The Sheik's Arranged Marriage(7)

By: Susan Mallery

Her nose wrinkled in what he assumed was the scrunchy expression that had intimidated Malik. “I don’t have to cut off my arm to know I wouldn’t like the experience.”

He mulled over that thought. “You’re saying that you don’t have to be involved with a man to know he’s interested in having his ego catered to?”

“Exactly.” Her tone of voice was pleased, as if a particularly dull student had given a clever response.

Jamal stared at his dinner guest. As Malik had promised, Heidi did dress like a spinster. Tonight she wore a gray dress that buttoned tightly to a high collar. Despite the heat of the June evening, her arms were covered with long sleeves and her skirt fell nearly to her ankles. Not a drop of makeup covered her pale skin. If her hazel eyes appeared wide, it was because of their shape, not because she’d used cosmetics. Light brown hair had been pulled back into an unattractively tight bun. The small glasses perched on her nose only added to the cliché of the spinster schoolteacher.

He narrowed his gaze. While she wasn’t really a Prune Princess, she had the look of a woman who didn’t like men very much. Which was unfortunate. With the right clothes and a better hairstyle, she could be pretty. From what he could tell through the thick material of her dress, her shape appeared to be pleasant enough.

“So it would never work,” she assured him. “The marriage thing. We don’t know each other. I doubt we would like each other. I don’t even ride.”

He blinked. “Ride what? I don’t understand.” What did riding have to do with an arranged marriage?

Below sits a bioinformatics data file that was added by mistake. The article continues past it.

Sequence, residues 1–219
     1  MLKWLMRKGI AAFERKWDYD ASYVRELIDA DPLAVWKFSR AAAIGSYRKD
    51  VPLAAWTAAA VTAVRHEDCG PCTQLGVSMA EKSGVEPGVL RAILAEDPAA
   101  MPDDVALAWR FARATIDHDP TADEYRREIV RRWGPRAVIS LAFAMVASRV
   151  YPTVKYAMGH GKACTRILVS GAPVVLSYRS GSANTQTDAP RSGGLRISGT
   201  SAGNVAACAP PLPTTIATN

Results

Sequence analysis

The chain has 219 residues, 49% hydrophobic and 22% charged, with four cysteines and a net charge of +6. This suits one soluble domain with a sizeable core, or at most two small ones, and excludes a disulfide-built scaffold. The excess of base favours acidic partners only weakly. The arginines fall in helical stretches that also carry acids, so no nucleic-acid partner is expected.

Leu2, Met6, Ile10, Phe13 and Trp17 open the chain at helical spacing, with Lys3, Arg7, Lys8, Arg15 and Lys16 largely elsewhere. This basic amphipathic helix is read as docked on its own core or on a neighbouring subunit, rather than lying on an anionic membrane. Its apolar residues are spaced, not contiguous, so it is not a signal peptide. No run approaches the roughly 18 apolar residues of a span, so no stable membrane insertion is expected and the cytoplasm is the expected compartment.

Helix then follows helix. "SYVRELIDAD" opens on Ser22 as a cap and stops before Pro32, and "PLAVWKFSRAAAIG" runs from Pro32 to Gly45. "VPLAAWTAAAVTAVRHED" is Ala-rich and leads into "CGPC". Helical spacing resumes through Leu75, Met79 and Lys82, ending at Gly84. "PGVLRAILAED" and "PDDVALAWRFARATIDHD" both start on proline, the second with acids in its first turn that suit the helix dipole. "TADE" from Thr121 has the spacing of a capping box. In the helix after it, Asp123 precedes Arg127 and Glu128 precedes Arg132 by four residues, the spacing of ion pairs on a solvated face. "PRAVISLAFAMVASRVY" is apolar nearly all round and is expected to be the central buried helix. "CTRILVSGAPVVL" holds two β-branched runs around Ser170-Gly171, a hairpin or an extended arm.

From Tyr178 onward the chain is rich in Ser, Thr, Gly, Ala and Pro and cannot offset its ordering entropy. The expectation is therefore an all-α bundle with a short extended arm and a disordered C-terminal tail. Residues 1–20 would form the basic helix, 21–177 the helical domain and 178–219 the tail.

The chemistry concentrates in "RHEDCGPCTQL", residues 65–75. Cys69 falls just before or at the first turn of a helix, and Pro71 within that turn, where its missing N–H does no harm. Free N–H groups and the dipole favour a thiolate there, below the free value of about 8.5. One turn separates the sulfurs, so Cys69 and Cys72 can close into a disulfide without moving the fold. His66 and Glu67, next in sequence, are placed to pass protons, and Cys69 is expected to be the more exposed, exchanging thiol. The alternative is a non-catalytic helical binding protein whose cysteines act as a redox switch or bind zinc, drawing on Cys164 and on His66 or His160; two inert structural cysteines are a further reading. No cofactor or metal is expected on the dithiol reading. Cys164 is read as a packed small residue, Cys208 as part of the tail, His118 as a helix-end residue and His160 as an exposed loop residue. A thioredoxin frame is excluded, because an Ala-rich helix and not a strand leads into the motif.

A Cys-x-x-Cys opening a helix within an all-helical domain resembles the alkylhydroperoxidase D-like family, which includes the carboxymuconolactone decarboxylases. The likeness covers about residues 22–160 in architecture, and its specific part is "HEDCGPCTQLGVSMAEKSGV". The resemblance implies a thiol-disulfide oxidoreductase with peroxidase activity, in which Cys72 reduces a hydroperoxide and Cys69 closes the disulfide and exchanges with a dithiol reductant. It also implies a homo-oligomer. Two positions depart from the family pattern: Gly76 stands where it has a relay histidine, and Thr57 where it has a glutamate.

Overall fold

“I don’t know how to make the sentence more clear.” Her expression clearly indicated her lack of faith in his intelligence. He wasn’t the bright student anymore.

“I understand the sentence, just not your point.”

She drew in a deep breath. “I haven’t ridden a horse in years. Princesses ride. Isn’t that the law or something?”

Jamal felt his mouth twitch slightly. Odd, he thought, but also appealing in a twisted sort of way. As for her other concerns…

“I will do my best not to propose,” he promised.

“Thank you. I’m sure you’d be a wonderful husband, but I couldn’t be less interested.” She paused. “I don’t mean that against you personally. I don’t want to marry anyone. I’m very independent.”

There was a surprise, he thought humorously.

He pulled out a chair for her, waited until she was seated, then eased it back into place. He then drew out the chair next to her for himself. If nothing else, he would spend his evening entertained.

“Why are you sitting there?” she asked in alarm. “Don’t get close. You’ll give them ideas.”

“According to you, they already have ideas.”

“They don’t need encouragement. You should sit across from me. As far away as possible. Then ignore me at dinner. Be rude, even. I won’t mind.”

Her hazel eyes widened with heartfelt sincerity. Jamal couldn’t remember the last woman who had so clearly expressed her lack of interest in him. In a strange way, he found her candor oddly appealing. After all, life had taught him to be cynical where women were concerned. He’d had his share of females interested in his money, his title, his fame, or all of the above. A virgin who wanted him to keep his distance was a refreshing change.

“Sit there,” she said, pointing across the table.

The teak dining-room table could seat as many as twenty people, but tonight it had been set for only six. Heidi indicated the place setting across from hers and over one. Unfortunately for her, it was still close enough that they could talk.

Who was Heidi McKinley, and where had she come from? He remembered a skinny, young girl getting underfoot. But those memories were from his teen years very long ago. Malik implied she’d visited several times and recently. Had he been so busy with his own life that he hadn’t paid attention? What set of circumstances had turned her into a unique combination of innocence and nerve?

“You’re looking at me,” she said. “Don’t do that. Ignore me. Really. It’s fine.”

He obligingly turned his attention away from her, only to have it drawn back to her pale face. Why was she so afraid of marriage? More important, why wasn’t he in a panic of his own? His wife had been dead nearly six years. Jamal knew that the king had been giving him time to recover from his loss.

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